- Does your use fit into one of the three categories of fair dealing? (1. non-commercial research or private study; 2. criticism or review; 3. news reporting of current events)
- Has sufficient acknowledgement been given, crediting the original source of the material and Tobar an Dualchais? See guidelines for citation.
- What is your motive for using the items? Altruistic or benevolent motives are more likely to qualify for fair dealing than (for example) being motivated by financial gain.
- Could your purpose in using the item be achieved by different means which are less intrusive to the copyright owner's rights?
Fair Dealing: Non-commercial Research or Private Study
Fair dealing in this category does not infringe copyright in literary works (song lyrics, spoken oral histories), dramatic or musical works.
There is no fair dealing for these purposes in films, sound recordings or broadcasts.
Sound recordings may be played in the classroom setting for educational purposes.
The copyright owner has the exclusive right to make or authorise the making of an adaptation of a literary, dramatic or musical work. For most literary works (includes spoken word oral histories and song lyrics), adaptation means a translation or a conversion of a literary to dramatic work (and vice-versa). For musical works it means an arrangement or transcription.
Translations and Transcripts
The making of indexes, translations, summaries and transcripts of copyright literary (including lyrics, spoken word oral histories, poems), dramatic and musical works is or may be an infringement by copying unless prior approval is obtained.
A translation into another language counts as an adaptation and is an infringement.
A transcript of a literary or dramatic work is a manual copy, and unless it is of an insubstantial part of the work will be an infringement. See fair dealing section for exceptions.
A transcription of a musical work is an adaptation and will be an infringement.
A person creating notation of a piece of music is adapting the original work and is therefore infringing copyright if prior permission has not been sought, unless the item is a traditional song, which you must judge and research for yourself.
In some cases, the resulting indexes, transcripts, translations and summaries will themselves qualify as new copyright works but use of them could still indirectly infringe any copyright still subsisting in the original works.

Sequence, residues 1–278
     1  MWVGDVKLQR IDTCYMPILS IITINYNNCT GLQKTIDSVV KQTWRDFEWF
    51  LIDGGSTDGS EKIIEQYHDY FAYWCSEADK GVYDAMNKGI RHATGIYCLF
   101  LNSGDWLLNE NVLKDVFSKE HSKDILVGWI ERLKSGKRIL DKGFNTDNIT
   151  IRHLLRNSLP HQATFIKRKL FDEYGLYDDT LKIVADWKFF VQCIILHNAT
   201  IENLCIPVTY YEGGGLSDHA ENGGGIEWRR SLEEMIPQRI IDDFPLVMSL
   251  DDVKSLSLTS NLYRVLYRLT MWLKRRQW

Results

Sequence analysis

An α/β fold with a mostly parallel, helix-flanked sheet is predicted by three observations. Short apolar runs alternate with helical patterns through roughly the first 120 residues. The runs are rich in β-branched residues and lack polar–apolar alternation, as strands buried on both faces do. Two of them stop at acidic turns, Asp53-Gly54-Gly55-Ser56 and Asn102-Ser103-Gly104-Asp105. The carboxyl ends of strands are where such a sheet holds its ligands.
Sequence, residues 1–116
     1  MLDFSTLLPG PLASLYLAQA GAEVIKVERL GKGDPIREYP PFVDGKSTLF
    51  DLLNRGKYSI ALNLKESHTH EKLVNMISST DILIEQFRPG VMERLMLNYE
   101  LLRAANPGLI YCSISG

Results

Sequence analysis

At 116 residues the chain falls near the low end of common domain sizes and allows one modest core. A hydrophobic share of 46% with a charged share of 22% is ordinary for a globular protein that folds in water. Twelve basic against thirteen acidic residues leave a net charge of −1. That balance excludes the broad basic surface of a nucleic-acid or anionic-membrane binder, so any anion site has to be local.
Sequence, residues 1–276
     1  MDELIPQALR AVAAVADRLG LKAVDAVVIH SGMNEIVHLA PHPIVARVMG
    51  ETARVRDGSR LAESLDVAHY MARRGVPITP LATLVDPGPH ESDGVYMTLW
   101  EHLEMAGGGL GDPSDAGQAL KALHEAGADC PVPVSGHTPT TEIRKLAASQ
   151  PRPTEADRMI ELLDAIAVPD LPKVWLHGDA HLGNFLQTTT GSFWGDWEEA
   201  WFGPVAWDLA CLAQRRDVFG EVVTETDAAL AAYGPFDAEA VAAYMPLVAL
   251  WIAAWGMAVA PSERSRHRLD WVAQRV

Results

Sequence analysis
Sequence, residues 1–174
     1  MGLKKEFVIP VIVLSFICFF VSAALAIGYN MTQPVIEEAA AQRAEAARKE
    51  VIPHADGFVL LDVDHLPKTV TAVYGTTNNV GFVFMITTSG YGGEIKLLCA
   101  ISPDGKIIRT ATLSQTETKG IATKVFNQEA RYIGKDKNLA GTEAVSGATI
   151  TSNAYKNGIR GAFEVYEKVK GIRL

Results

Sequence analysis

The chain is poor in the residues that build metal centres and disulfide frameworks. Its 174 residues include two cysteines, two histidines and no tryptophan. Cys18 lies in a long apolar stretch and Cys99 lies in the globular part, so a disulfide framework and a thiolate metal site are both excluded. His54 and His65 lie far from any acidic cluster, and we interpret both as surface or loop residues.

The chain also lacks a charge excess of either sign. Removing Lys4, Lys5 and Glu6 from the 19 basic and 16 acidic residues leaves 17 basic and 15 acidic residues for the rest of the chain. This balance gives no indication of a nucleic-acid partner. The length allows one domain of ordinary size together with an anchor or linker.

Citation / Quoting from the Materials on the Website
When citing the content of this website, please remember to credit both the original source of the material and Tobar an Dualchais. A permanent link to each track can be found at the bottom of the page for that track. We suggest the following format for Canna Archive and School of Scottish Studies Archive material:
Name of contributor, (title if appropriate, e.g. for songs), source archive original identifier (tape, or tape and track where available), Tobar an Dualchais/Kist o Riches, date you accessed it on the website.
- Johnston, Annie, "Cha Tèid Mi le Mac a' Mhaoir", National Trust for Scotland's Canna Collection of recordings by John Lorne Campbell 01_D02A CDC.XXXIII, Tobar an Dualchais/Kist o Riches, http://www.tobarandualchais.co.uk/fullrecord/27039/1 accessed 15 July 2010.
- Mathieson, Willie, "The Tarves Rant", School of Scottish Studies Archive SA1952.10.A10-A11, Tobar an Dualchais/Kist o Riches, http://www.tobarandualchais.co.uk/fullrecord/17544/1 accessed 15 July 2010.
- Whyte, Betsy, School of Scottish Studies Archive SA1973.160, Tobar an Dualchais/Kist o Riches, http://www.tobarandualchais.co.uk/fullrecord/76556/1 accessed 15 July 2010.
For BBC programmes, we suggest the following format:
Name of contributor, title of programme, BBC transmission date, Tobar an Dualchais/Kist o Riches, date you accessed it on the website.
- Macdonald, Callum, on "Prògram Choinnich", BBC 1994.11.15, Tobar an Dualchais/Kist o Riches, http://www.tobarandualchais.co.uk/fullrecord/602/1 accessed 15 July 2010.